By Bill Dedman
Investigative Reporter, NBC News
NEW YORK – A California group agreed Friday to withdraw its legal appeal of a settlement over the $300 million estate of the reclusive heiress Huguette Clark, removing a major roadblock to dividing her copper fortune.
The estate of Huguette Clark from the book "Empty Mansions"
Believed to be a self-portrait, this unsigned painting shows Huguette Clark in her twenties. Most of her copper-mining fortune is going to charity.
As one obstacle fell, another one arose: Clark's physician, Dr. Henry Singman, filed an objection with the judge on Friday. Although he received $100,000 in the will as it was written, he remains subject to attempts to recover hundreds of thousands of dollars in gifts that Clark gave him while she lived. Although Clark's nurse was released from such claims, the doctor was not.
The settlement sets up an arts foundation controlling the Clark property in Santa Barbara, Calif., known as Bellosguardo. The Bellosguardo Foundation is the largest beneficiary of the will, as Clark directed, but with a twist: In a settlement reached early this week, the foundation wasn't set up in California but in New York, with the New York attorney general forming the first board of directors. After a California group objected, the attorney general changed the deal to give the Californians more authority.
In a concession, the office of New York Attorney General Eric Schneiderman agreed that the mayor of Santa Barbara will nominate seven members of the initial 10-member board of directors, to be appointed by the attorney general. Mayor Helene Schneider said in a written statement she was happy with the result.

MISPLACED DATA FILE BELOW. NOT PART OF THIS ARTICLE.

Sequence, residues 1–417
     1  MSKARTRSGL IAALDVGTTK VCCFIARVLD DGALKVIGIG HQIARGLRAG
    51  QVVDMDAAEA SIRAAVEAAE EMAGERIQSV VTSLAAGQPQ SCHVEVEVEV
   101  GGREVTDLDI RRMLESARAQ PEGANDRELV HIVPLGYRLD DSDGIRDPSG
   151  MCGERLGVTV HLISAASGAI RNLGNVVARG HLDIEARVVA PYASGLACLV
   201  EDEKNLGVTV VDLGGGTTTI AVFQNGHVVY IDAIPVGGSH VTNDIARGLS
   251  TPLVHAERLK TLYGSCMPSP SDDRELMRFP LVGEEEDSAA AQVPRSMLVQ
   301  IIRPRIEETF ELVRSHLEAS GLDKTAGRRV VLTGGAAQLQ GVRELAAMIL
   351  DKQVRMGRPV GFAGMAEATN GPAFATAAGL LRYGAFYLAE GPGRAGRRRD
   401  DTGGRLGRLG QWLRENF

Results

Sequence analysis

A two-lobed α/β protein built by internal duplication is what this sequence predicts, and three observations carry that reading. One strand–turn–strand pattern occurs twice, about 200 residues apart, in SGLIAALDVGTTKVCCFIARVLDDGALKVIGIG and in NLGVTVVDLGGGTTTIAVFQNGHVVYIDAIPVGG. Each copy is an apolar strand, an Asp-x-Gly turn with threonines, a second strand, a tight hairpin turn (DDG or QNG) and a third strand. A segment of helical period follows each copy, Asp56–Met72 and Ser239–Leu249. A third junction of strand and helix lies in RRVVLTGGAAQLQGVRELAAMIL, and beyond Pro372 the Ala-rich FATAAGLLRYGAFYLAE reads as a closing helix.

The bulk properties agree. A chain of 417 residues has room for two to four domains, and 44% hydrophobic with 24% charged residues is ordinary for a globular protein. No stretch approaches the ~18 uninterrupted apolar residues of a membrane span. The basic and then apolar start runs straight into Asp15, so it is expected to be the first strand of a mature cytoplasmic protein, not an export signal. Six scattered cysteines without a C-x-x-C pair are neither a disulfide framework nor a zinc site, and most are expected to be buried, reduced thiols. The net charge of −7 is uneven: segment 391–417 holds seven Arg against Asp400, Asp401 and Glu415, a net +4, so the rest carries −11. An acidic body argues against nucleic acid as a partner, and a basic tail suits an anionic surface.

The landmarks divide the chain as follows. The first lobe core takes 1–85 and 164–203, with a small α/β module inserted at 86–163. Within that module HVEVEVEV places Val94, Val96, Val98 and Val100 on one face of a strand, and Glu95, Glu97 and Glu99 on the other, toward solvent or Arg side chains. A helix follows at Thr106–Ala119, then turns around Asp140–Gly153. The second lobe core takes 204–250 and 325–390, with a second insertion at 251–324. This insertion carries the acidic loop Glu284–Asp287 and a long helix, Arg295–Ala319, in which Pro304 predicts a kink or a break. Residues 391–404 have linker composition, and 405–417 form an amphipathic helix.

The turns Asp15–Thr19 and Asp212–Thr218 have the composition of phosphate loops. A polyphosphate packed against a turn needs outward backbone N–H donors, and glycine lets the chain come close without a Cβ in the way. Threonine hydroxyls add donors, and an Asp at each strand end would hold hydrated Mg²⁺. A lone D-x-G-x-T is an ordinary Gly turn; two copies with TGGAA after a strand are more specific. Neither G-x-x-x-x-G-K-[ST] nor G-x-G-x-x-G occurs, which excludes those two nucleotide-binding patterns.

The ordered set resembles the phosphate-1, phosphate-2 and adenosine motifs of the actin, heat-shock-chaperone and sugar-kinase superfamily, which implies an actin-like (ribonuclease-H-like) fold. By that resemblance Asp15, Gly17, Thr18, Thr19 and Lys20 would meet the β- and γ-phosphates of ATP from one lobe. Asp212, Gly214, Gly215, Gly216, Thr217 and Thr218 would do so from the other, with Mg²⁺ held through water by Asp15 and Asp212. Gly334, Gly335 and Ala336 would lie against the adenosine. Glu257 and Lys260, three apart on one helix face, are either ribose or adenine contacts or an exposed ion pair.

"The negotiations led by the New York attorney general’s office ensure that the Santa Barbara community is well represented by creating the foundation board of directors in this manner," she said. "I believe the attorney general’s office worked to follow Ms. Clark’s wishes to the best extent possible under the circumstances, and respected the Santa Barbara community’s strong desire to see this property utilized in the public’s interest."
The goal, Schneider said, "is to open the Bellosguardo house and gardens to the public as a center that will foster and promote the arts. I believe this settlement gives our Santa Barbara community an amazing opportunity to create a magnificent organization that will significantly add to our strong artistic and cultural heritage."
One uncertainty, Mayor Schneider said, is how much it will cost to upgrade the 21,666-square-foot home for public tours. It sits on 23 cliff-top acres above the city's East Beach, and has been a source of legend and rumor in Southern California for years. Huguette Clark's last known visit to the property was in the early 1950s, though she received regular reports on its upkeep, insisting that everything be kept in "first-class condition."
Other seats on the board are reserved for Clark's California attorney, for the Clark relatives and for the family's favorite museum, the Corcoran Gallery of Art in Washington, D.C. Both the family and the Corcoran opposed Clark's will, but benefit from the settlement deal filed in court on Tuesday.